Historic Garden Week, “America’s Largest Open House” hosted annually by the Garden Club of Virginia, has raised millions of dollars to restore some of Virginia’s most treasured landmarks and gardens. The monsoon-like conditions last week did not put a damper on the festivities. In this blog, I celebrate the creativity and hard work of the women of the James River Garden Club as they gathered flowers and greens from their gardens and pulled together some pretty spectacular arrangements.
Delphinium, Tulips, Poet’s Laurel (Danae racemosa) and Sea Holly (Eryngium planum) radiate from a silver cup in the lovely home of Kristen and Barton Harris. Betsy Trow took many of the pictures (the best ones!) in the Harris home.
Service with a smile: Sarah Wiley works on the dining room arrangements.
Tulips, Variegated Solomon’s Seal (Polygonatum odoratum ‘Variegatum’), Deutzia (Deutzia gracilis), Azaleas and Lilacs (Syringa vulgaris) are loosely arranged in individual goblets.
Deutzia, Variegated Solomon’s Seal, Snowball Viburnum (Viburnum macrocephalum) and Snowmound Spirea (Spiraea nipponica ‘Snowmound’) grace the front hall.
Talk about over-achieving — these tiny glass bud vases pack a big pink and green punch with pink peonies, tulips and azaleas. Wood Spurge (Euphorbia amygdaloides var. robbiae), Hosta and Lenten Rose (Helleborus orientalis) provide the preppy green counter punch.
Margaret Reynolds and Inge Sen (above) put the finishing touches on an arrangement (below) containing Pink Dogwood (Cornus florida), Tulips, Lilac, Variegated Solomon’s Seal , Wood Spurge and greens.
This arrangement is like a walk in a Virginia spring garden. Foliage, including Blue Hosta, Autumn Fern (Dryopteris erythrosora), Ghost Fern (Athyrium ‘Ghost’), Coral Bell leaves (Heuchera, spp.), Barrenwort (Epimedium grandiflorum), Japanese Holly Fern (Cyrtomium falcatum) and Lenten Rose (I’m sure I’m missing some!), do the heavy lifting for the blue flowers of the Amsonia (Amsonia tabernaemontana) and Bearded Iris (Iris germanica). The iris in this spectacular arrangement makes me think of Swan Lake!
The monochromatic kitchen sparkles with the silver julep cups and the Coral Honeysuckle (Lonicera sempervirens). Snowball Viburnum (the OTHER Snowball Viburnum — Viburnum opulus roseum) and Lenten Rose provide a subtle contrast.
Susan Robertson and Mary Bacon identify the plants used in the arrangements.
At Westover (I blogged about Westover Plantation last week), Muschi Fisher and her daughter Andrea Erda gathered Azaleas and Snowmound Spirea, above, and below, another variety of Azalea (‘George Tabor?’), with the Spirea and — I love this — a lone apricot Tulip.
The entrance to Caroline and Gordon Wallace’s beautiful Byrd Park home was framed by twin arrangements of Tulips, Slender Deutzia, Variegated Solomon’s Seal and Willow branches. Caroline is the owner of the Caroline Travels the World. She is well known for customizing exotic and adventurous trips throughout the world for her clients.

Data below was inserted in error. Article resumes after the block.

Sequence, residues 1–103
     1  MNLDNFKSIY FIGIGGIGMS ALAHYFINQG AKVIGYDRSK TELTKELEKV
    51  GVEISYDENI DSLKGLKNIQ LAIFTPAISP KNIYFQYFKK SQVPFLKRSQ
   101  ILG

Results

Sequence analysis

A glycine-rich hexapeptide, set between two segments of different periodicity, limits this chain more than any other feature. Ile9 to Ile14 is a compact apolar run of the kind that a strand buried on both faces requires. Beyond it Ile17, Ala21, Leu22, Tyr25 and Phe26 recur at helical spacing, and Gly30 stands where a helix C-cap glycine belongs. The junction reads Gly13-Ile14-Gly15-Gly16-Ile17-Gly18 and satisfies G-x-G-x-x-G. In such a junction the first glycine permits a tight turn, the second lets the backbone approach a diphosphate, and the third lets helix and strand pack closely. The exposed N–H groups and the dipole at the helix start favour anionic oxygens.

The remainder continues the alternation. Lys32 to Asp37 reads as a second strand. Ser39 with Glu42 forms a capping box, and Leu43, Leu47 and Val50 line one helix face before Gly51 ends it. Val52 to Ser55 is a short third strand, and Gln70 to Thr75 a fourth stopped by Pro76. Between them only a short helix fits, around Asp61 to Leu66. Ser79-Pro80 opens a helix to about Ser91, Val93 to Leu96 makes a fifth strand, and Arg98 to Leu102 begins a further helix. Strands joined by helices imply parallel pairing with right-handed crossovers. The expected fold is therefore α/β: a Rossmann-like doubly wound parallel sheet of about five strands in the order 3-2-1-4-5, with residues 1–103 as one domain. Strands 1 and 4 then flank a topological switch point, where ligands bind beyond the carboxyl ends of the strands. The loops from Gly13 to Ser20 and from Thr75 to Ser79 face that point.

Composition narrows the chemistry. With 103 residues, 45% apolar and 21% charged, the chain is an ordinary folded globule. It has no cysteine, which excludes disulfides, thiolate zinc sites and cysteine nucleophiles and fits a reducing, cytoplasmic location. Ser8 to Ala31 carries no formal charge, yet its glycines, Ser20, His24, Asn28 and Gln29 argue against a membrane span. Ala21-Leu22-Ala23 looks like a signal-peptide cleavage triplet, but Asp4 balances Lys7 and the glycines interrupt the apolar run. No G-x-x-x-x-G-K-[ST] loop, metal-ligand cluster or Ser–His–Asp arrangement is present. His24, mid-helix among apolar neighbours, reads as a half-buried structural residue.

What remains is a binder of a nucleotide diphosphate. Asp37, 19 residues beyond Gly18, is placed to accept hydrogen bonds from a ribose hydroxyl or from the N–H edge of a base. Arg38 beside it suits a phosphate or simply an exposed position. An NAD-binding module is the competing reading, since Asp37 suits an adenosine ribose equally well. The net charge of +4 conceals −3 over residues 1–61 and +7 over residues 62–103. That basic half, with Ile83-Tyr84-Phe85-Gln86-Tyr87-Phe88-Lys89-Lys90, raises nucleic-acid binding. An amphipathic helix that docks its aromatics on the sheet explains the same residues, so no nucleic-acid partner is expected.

Masses of Ranunculus form a stunnning line and complement the art work in Caroline’s dining room.
A bunch of Lenten Rose and Deutzia grace a hall table.
Two Snowball Viburnum are used in this arrangement: Viburnum macrocephalum (the large, white Snowball) and Viburnum opulus ‘Roseum’ (the smaller Snowball). Wisteria drapes below.
A mass of Peony (possibly ‘Festiva Maxima’?) fills this rustic container at the bar.
Nothing prettier than a bunch of Lily of the Valley (Convallaria majalis).
White Lilac and Lenten Rose brighten up the kitchen. Rosemary and Mint stand ready for use. Lamb for dinner?
Mary Anne Burke and Betsy Trow worked non-stop to ensure a successful Garden Week tour.
Jenny Andrews’s talent as an interior designer was on display in her fresh, beautiful home. Jenny, who owns Andrews Designs, specializes in residential and resort design. In the kitchen arrangement above, Frances Williams Hosta frame Snowball Viburnum, Tulips and the tender new growth of Poet’s Laurel.
Jenny and Louise Kirby work with the Hosta and Lenten Rose cut from a neighbor’s backyard garden.
Azaleas, Snowball Viburnum, Lenten Rose and False Indigo complement the pale blue palette of the room.
My Oak Lane buddies, Margaret Valentine, Jennie Gumenick and Margy Brown, work together like a well-oiled machine.
The picture doesn’t do this gorgeous arrangement justice. Deutzia, False Indigo, Allium still in bud, Lenten Rose and Variegated Solomon’s Seal cascade out of the classical cast stone urn.
Pink tulips frame a beautiful painting by talented artist Tenley Beazley.
Less is more in this arrangement of apricot Tulips and Spanish Bluebells (Hyacinthoides hispanicus).
These sweet little bouquets, containing Azaleas, Bleeding Heart, Spanish Bluebells, Deutzia, Variegated Weigelia leaves and Coral Honeysuckle, spice up the bathroom windowsill.
Having raided the neighbors’ yards for plant material and filled Jenny’s home with the fruits of their labor, the girls from the Hood call it a day. Pictured, from left, Margaret Valentine, Margy Brown, Ida Farinholt, Louise Kirby and Jennie Gumenick.